Not all subplots are bad by any means. To be honest, some can offer light relief and texture to the main plot. I object to them when they offer nothing at all to the main story and act simply as fillers and asides.
A really, really good romance novel I read last year had a deeply annoying subplot or two running in the background. The novel was ‘His at Night’ by Sherry Thomas. It even won a few awards too as I recall reading, so it is a really good book and terribly diverting.
I just objected to being made to read about the hero’s brother. I understand why it’s in there and I completely get the purpose for it, but I just think it’s a sign that the main story is so successful that the minor subplots pale in comparison. I think that is certainly something to watch out for when writing them. Do they add to the story? Are they blatantly being outshone by the main plot, ergo exasperating the reader?
A commonly recurring thing is ‘damage’. A lot of the protagonists appear to be two damaged people who find each other. In ‘Unravelled’, Smite was abused by his mentally ill mother as a child and Miranda was left orphaned on the streets as a kid. Yet, they find each other and ultimately happiness together. In ‘What I Did for a Duke’ for Julie Anne Long, Genevieve is heartbroken and Moncrieffe lost a wife and child years before. Same outcome as the Thomas novel. Even when we look at my favourite ever novel, Jane Eyre, we can see this pattern: orphaned, unwanted and unloved Jane finds love with Rochester who was tormented by the arranged marriage he was put through to make his family happy.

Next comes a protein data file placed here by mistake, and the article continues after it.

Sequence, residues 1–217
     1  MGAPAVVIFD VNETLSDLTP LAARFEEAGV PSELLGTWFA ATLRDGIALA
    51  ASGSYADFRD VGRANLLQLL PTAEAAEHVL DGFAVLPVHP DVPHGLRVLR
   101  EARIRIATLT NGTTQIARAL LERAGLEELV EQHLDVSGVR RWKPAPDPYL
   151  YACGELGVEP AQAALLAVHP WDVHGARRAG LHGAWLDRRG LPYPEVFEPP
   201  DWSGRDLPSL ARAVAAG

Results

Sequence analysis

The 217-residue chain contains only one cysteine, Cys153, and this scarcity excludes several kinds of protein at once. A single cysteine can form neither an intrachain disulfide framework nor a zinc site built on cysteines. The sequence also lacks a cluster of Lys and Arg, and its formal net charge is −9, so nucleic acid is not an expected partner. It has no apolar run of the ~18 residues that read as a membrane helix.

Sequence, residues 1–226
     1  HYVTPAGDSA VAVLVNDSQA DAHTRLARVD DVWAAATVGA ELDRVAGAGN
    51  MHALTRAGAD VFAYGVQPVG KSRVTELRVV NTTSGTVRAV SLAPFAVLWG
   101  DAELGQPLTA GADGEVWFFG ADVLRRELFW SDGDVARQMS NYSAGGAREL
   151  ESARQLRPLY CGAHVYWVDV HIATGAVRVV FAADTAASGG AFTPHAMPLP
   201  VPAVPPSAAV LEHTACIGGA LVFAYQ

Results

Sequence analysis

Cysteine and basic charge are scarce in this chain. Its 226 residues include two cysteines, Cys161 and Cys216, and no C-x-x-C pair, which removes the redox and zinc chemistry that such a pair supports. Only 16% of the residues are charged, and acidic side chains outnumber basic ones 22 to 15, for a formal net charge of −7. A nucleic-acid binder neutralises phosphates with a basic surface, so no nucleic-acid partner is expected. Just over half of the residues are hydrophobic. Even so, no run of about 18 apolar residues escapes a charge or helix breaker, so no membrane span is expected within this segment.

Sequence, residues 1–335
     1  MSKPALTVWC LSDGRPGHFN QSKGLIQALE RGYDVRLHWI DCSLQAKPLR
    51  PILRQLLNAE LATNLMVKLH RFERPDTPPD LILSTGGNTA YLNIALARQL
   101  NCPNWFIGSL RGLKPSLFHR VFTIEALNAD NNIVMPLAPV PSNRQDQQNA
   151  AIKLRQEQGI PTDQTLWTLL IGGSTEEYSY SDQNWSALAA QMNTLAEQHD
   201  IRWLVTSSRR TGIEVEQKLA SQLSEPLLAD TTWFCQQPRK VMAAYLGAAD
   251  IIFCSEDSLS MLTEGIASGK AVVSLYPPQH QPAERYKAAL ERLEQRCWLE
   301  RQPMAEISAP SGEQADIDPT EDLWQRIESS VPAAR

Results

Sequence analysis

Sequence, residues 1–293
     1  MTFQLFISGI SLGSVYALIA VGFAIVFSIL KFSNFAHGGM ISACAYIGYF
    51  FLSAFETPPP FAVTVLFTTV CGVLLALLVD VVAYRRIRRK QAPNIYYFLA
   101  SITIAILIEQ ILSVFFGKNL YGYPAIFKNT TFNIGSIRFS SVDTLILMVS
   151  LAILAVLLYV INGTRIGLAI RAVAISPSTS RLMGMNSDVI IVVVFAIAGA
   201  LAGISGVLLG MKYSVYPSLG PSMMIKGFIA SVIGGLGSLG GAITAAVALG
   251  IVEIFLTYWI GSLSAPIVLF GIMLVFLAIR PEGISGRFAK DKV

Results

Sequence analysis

Less frequently, we see one protagonist as a strong, undamaged person, trying to ‘save’ their damaged romantic interest. A very good example of this is seen in Ana and Christian in ‘Fifty Shades of Grey’.
It does make the plots a tad predictable and a bit repetitive. The more you read around the genre, the more you see this being repeated. I’m sure other genres have their little plot foibles too, but it’s interesting to flag up.